Kwajalein Island bristled with six eight-centimeter dual-purpose guns, at least half a dozen antiaircraft and heavy machine guns, 160 reinforced concrete or coconut log pillboxes, a concrete seawall, a major antitank ditch, with three supporting ditches, plus a maze of rifle pits, fighting trenches, machine-guns posts, and fortified dugouts. The thickness of the concrete pillboxes ranged from fifteen inches to three feet. "In most cases, coconut logs and sand were banked around and on top of the pillboxes," wrote Colonel Syril Faine, an Army Ground Forces analyst. Around one hundred barracks, warehouses, and headquarters buildings, each of which could become a dangerous defensive position, were clustered in the northern part of the island. The American service official histories, and most all subsequent interpretations, have contended that Roi-Namur was more heavily defended than Kwajalein. But given the larger garrison of effectives and the greater number of prepared fortifications at Kwajalein, this seems to be a wrongheaded analysis. "In fact, every inch of ground was organized for defense, and because of the small size of the island, the garrison lived in its battle stations," an observer later recalled. In truth, neither the Kwajalein nor Roi-Namur garrisons were an even match for the invaders, though both were potent enough to put up a bloody fight.

For Flintlock, Nimitz amassed 297 ships, more than fifty thousand Marine and Army assault troops, and about thirty thousand garrison troops from the Army, Navy, and Marine Corps. Given the significant distance between Roi-Namur and Kwajalein, Admiral Turner split this sizable naval flotilla into a Northern Attack Force (Task Force 53) under Rear Admiral Richard Connolly and a Southern Attack Force (Task Force 52) under his own personal control. The Northern Attack Force carried the 4th Marine Division and supporting units whose mission was to seize Roi-Namur. The Southern Attack Force focused on Kwajalein and transported General Corlett's reinforced 7th Infantry Division.

Before these amphibious forces got anywhere near the Kwajalein Atoll, a steady procession of land- and carrier-based aircraft pummeled Japanese bases in the Marshalls over the course of several weeks. Nimitz had originally planned for a New Year's Day invasion. But because of the ferocity of the fighting in the Gilberts, and the necessity for more time to refit and repair ships, digest hard-learned lessons, accrue more intelligence data, and train the assault troops, he pushed the operation back a month. For nearly seven weeks, Army Air Forces B-24 Liberators, plus medium bombers and fighters, mauled the Marshalls. In December alone, they dropped 601 tons of bombs; in January they dumped another 200 tons on the Kwajalein Atoll. The raids damaged enemy installations and degraded Japanese air strength. In the final week of January, the carrier planes, flying at lower altitudes, which allowed more precision strikes, administered the coup de grace to Japanese air and sea forces. Flying thousands of sorties in a handful of late-January days, the naval aviators more than fulfilled Nimitz's strategic vision. "It was, in my opinion, a splendid decision and one characteristic of Admiral Nimitz, a man whom I admire very much," General Corlett later wrote of Nimitz's insistence on directly assaulting Kwajalein. All over the Marshalls, including Wotje and Maloelap that had so concerned Spruance, the carrier planes wrecked enemy airfields, shot down or destroyed dozens of Japanese aircraft on the ground, and sank numerous cargo ships. "The American attacks are becoming more furious," a Japanese soldier jotted in his diary. "Planes come over day after day. Can we stand up under the strain?" The troops could and did; not so for the equipment. By the end of January, the Japanese did not have even one operational aircraft left in the entire island group. Japanese strategists were already loath to risk any naval assets in the Marshalls. With the Americans now in absolute control of the air, and consequently the waters of the island group, they no longer even had the option of naval opposition to Flintlock.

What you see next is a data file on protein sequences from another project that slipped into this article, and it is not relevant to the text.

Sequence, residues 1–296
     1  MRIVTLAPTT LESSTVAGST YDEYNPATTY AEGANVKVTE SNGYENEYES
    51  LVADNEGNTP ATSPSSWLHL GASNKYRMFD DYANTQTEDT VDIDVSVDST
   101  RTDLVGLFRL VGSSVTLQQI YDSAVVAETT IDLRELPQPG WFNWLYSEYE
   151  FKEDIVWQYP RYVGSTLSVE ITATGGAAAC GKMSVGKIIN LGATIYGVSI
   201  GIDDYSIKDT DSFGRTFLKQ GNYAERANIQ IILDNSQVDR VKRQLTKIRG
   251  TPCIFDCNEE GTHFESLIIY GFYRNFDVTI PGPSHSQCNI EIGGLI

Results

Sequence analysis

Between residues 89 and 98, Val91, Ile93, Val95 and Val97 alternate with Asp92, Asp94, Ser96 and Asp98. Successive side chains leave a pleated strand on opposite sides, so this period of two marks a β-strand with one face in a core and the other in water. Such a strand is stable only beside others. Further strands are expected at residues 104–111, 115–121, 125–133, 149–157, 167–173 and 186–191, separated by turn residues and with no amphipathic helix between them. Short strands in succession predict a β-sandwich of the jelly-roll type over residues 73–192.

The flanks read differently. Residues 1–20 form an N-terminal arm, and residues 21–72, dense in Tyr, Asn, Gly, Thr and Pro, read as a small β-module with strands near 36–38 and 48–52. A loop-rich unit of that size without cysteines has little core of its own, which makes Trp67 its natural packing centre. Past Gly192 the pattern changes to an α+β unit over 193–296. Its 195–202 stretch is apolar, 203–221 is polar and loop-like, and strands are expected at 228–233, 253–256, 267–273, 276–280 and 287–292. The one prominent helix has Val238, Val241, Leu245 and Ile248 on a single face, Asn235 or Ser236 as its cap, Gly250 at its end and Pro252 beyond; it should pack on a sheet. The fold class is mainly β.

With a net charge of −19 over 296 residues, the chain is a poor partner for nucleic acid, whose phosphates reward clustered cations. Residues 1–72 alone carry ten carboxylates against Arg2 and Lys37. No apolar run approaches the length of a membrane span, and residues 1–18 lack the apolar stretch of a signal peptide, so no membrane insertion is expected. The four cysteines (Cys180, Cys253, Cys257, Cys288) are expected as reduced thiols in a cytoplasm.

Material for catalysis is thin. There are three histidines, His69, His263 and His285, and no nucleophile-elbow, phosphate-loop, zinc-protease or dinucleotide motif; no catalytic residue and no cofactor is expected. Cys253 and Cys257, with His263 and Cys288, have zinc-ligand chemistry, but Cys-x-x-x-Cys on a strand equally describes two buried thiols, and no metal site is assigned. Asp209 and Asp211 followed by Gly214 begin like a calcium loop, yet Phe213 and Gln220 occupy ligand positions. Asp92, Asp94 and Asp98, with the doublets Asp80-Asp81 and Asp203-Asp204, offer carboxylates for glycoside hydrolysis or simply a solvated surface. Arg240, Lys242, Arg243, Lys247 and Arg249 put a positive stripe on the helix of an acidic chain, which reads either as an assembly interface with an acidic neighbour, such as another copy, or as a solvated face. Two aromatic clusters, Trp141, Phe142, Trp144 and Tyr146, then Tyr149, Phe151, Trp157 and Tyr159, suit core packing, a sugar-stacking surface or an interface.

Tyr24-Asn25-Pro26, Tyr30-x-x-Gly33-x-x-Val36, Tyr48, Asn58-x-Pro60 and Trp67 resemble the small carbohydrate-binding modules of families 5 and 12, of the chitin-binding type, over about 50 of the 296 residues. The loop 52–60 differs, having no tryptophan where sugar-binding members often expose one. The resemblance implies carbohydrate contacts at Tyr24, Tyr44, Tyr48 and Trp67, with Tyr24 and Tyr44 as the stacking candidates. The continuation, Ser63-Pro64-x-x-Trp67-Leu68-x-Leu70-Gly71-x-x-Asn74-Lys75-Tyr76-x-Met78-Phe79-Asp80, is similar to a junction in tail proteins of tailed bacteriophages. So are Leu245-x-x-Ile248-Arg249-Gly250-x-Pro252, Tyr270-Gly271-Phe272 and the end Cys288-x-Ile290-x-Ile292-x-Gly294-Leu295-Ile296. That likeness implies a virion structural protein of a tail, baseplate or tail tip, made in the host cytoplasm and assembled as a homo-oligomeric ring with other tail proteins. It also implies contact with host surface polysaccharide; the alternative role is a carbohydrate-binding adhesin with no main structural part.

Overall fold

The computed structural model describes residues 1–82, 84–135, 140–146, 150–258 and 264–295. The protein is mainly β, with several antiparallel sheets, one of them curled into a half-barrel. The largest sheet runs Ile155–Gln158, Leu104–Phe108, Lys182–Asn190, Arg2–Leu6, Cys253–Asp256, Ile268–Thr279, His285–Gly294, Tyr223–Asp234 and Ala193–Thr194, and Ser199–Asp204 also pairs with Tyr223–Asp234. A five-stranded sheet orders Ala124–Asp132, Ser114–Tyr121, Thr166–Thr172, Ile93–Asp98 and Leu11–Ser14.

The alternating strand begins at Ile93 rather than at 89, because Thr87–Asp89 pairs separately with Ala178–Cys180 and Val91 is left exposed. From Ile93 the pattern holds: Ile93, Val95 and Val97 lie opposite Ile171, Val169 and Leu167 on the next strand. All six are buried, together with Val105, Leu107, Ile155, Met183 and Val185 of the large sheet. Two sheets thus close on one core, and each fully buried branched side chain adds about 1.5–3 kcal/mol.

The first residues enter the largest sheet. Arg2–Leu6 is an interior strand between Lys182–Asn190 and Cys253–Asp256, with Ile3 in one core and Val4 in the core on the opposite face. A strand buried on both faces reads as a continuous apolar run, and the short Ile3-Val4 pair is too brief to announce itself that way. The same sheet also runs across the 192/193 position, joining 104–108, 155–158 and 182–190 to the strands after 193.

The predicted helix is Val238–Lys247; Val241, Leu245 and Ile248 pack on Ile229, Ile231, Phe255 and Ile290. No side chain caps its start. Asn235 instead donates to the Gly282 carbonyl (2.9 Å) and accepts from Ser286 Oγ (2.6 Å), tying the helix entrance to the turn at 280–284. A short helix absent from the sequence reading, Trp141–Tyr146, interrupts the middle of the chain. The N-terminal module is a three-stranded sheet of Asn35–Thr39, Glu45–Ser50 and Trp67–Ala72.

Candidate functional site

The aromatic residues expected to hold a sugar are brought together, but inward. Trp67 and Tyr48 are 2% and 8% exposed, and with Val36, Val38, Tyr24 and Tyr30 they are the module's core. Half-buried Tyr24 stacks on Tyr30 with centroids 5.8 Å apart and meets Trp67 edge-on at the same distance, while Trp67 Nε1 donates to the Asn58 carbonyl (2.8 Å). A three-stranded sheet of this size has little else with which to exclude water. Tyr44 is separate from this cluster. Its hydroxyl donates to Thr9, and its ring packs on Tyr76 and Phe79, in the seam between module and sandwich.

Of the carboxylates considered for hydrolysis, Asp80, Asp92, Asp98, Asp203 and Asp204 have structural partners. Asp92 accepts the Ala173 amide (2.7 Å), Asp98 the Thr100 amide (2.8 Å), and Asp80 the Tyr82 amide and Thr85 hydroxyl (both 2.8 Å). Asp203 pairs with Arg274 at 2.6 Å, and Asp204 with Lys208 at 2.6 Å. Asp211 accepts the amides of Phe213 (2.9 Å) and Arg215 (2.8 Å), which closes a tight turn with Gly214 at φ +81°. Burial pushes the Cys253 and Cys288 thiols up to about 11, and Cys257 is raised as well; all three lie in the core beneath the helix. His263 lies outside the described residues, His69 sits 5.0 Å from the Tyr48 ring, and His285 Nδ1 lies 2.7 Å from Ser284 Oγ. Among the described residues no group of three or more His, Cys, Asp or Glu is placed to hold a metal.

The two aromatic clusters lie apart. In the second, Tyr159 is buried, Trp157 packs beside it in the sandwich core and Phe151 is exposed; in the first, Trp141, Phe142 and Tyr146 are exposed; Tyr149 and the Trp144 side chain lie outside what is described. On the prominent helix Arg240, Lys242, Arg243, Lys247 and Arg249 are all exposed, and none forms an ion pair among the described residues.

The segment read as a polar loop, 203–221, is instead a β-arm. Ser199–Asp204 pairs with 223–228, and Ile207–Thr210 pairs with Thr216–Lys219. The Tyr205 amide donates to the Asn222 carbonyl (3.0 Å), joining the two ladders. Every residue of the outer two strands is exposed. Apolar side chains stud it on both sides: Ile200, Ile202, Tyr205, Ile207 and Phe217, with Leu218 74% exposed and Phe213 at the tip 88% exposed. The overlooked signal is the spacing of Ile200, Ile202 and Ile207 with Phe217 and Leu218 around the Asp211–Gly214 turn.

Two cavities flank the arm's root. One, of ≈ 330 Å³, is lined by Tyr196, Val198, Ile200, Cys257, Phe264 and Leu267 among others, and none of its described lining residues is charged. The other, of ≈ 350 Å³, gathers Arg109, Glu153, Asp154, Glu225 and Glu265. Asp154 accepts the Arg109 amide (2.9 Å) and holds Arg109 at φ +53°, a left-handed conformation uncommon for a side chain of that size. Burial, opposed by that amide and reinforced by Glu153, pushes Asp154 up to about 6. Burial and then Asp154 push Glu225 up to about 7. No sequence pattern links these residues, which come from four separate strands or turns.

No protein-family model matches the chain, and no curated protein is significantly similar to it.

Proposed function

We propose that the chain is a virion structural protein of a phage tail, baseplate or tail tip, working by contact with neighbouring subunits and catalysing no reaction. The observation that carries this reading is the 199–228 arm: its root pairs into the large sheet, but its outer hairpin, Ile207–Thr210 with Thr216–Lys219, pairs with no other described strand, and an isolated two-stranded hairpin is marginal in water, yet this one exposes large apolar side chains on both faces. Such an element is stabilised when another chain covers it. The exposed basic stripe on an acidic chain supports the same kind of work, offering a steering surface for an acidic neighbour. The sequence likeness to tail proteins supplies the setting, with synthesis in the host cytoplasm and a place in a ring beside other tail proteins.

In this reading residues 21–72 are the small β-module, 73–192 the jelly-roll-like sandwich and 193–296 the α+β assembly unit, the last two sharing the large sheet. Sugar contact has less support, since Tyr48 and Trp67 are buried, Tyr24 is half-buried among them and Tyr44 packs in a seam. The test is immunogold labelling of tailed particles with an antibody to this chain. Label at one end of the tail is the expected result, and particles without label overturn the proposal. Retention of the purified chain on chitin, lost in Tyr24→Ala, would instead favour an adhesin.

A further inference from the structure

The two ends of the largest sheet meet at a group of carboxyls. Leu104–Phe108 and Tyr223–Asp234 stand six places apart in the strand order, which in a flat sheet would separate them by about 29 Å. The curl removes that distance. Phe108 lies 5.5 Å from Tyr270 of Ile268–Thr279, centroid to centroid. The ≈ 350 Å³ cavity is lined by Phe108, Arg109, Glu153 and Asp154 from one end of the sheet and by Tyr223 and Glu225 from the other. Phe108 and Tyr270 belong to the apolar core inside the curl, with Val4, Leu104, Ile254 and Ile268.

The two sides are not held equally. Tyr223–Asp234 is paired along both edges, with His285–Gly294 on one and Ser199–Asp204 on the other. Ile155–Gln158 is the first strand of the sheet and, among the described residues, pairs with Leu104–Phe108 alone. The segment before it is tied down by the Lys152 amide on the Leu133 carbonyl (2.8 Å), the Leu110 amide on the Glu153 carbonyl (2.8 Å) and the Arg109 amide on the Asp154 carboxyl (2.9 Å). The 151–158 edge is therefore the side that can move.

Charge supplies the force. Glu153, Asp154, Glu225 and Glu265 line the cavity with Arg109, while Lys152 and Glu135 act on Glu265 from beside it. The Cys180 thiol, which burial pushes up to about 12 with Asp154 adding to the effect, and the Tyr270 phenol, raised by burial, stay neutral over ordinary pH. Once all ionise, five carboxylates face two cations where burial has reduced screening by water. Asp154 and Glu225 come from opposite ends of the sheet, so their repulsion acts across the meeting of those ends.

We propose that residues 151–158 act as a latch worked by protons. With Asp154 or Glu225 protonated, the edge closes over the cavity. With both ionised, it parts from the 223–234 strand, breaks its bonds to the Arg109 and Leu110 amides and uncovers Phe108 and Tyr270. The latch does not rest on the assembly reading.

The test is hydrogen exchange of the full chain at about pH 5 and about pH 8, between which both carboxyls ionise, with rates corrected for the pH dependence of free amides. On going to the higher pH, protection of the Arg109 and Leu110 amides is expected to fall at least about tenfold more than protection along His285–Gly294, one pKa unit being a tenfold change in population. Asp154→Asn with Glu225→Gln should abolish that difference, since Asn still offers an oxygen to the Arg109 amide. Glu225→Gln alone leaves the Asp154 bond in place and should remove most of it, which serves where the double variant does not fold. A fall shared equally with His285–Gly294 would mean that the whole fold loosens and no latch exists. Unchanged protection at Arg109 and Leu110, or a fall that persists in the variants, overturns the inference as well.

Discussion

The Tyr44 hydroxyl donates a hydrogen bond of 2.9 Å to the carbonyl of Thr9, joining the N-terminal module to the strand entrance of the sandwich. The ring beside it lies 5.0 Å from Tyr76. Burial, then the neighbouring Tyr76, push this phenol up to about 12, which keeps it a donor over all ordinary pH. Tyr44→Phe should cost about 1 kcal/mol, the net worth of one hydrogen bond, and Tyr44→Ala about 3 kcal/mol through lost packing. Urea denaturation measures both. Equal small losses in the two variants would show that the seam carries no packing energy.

Table of Contents

Author's Note xiii

Prologue 1

1 Flintlock 31

2 Acceleration 61

3 Consolidation 94

4 Informed Boldness 129

5 "From New Guinea No One Returns Alive" 162

6 Galahad and Machiavelli 237

7 Hell on Land and at Sea 295

8 Triumph and Travesty 329

9 Right Way and Wrong Way 398

10 The Ugly Midsection 464

Epilogue 542

Acknowledgments 545

Notes 551

Selected Bibliography 609

Index 617